The doorbell rings, and your pulse immediately quickens in anticipation. You beat a hasty path to the door, knocking aside family members, pets, and sundry pieces of furniture. You grab the knob, fling wide the door, and stare in rapture at that mysterious, zit-covered arbiter of your impending pleasure. He hands you a flat box, and in return you distractedly pass him a wad of cash. You retreat to the kitchen, where you dispense with old-fashioned conventions like a plate or silverware. You lift the lid of that box, and out pours a sensual, exhilarating mess of aromas, and you know: Dinner has arrived.
I believe that pizza is perhaps the single greatest creation modern cuisine has to offer. I am enamored of this circular delight. There is of course little to object to: mounds of gooey cheese, a sweet and tangy tomato paste, a greasy yet oh-so-crispy crust, and pretty much any topping you could ever want, be it pineapple, bacon, sardines, artichokes, or anything in between. It even comes in easy-to-eat wedges of pure happiness. It may be horrendous for the body, but when done well, pizza sure is good for the soul.
I attended college at BYU-Idaho for several semesters, and while there, I found a new respect for this life-giving manna. With a Domino’s not two blocks from my apartment, I spent countless nights sprawled on the couch, textbook in hand, pizza box on the floor, roommates coming and going, taking slices at will. And thanks to these nearly transcendental experiences, I’m almost certain pizza contains some sort of memory aid. I suppose that would explain why college students wolf it down in such mind-bending quantities.
One semester, I had a roommate who actually worked at said Domino’s, and he frequently came home with extra or unclaimed pizzas. One night, after a particularly intensive training with new employees, he walked in the door burdened with no fewer than 10 pizzas. That night, we all ate ourselves into a euphoric stupor, rejoicing in a food that was so omnipresent in our apartment it was practically another roommate. To this day, there is little I miss about life in Idaho, except for Craigo’s Pizza, that one little hole-in-the-wall pizza joint with a dirt cheap all-you-can-eat lunch buffet and some of the best pizza I’ve ever savored.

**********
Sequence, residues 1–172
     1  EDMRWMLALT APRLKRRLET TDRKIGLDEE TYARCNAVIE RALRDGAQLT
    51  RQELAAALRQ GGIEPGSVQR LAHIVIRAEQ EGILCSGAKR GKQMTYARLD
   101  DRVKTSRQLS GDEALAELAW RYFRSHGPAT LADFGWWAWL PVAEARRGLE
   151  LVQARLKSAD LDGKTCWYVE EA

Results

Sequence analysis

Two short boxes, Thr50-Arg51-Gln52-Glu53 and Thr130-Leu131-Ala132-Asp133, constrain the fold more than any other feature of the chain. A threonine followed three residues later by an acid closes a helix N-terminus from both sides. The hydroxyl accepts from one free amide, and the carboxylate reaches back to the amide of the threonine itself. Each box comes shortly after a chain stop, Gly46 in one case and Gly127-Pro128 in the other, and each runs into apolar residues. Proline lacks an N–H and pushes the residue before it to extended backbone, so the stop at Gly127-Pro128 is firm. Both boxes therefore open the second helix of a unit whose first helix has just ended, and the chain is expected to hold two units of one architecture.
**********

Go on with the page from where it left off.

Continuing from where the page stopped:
As good as pizza is for dinner, fresh and sizzling, I believe its true test of greatness comes the next morning. I am not a fan of milk, so to eat cereal is out of the question. And since I’m basically a lost cause in the kitchen, I often go without breakfast. However, I am saved this blunder when I find a box of pizza in the fridge. To me, there are few culinary delights that hold a candle to cold pizza. Somehow, after it has chilled for eight or ten hours, the crust is fluffier; the vegetables are crisper, fresher; and we all know cheese only tastes better with age. Some purveyors of pizza make a dish that is excellent straight out of the oven, but wilts in the refrigerator. Other establishments make a disappointing hot pizza that is inexplicably tasty on ice. Turning a pizza from ho-hum to legendary involves a delicate balance between these two dichotomies that only a very few select chefs can pull off.
So come at me with your filet mignon, your tiramisu, your soup de jour, your lobster tail. It’s no thanks, for me. Pass me a slice of pepperoni-and-olives and a cold mug of root beer, and I’ll happily spend a long, blissful meal enjoying one of life’s great pleasures.
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